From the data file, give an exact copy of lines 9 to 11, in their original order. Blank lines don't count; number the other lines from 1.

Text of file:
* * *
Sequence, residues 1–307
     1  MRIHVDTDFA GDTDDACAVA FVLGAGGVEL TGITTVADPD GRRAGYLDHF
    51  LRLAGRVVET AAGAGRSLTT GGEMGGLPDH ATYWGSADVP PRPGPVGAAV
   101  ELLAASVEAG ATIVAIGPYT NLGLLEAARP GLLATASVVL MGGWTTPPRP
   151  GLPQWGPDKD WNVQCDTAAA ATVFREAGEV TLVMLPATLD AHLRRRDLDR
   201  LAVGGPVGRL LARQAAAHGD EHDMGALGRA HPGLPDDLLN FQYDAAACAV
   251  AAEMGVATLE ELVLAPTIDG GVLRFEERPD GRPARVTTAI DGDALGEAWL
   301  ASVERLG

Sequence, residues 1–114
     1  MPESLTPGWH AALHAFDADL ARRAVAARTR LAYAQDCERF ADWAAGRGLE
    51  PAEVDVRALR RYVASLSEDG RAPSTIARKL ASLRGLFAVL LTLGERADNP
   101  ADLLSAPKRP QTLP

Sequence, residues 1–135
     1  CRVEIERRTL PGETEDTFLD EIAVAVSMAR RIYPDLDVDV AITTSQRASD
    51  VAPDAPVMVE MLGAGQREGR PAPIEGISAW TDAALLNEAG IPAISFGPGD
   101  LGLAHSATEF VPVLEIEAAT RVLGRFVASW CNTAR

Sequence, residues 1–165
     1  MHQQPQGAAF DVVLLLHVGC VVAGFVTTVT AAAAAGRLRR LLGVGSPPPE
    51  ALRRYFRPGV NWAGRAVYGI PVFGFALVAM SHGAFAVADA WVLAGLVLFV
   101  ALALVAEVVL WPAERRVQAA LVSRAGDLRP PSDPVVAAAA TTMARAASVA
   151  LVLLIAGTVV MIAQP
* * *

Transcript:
Sequence, residues 1–114
     1  MPESLTPGWH AALHAFDADL ARRAVAARTR LAYAQDCERF ADWAAGRGLE
    51  PAEVDVRALR RYVASLSEDG RAPSTIARKL ASLRGLFAVL LTLGERADNP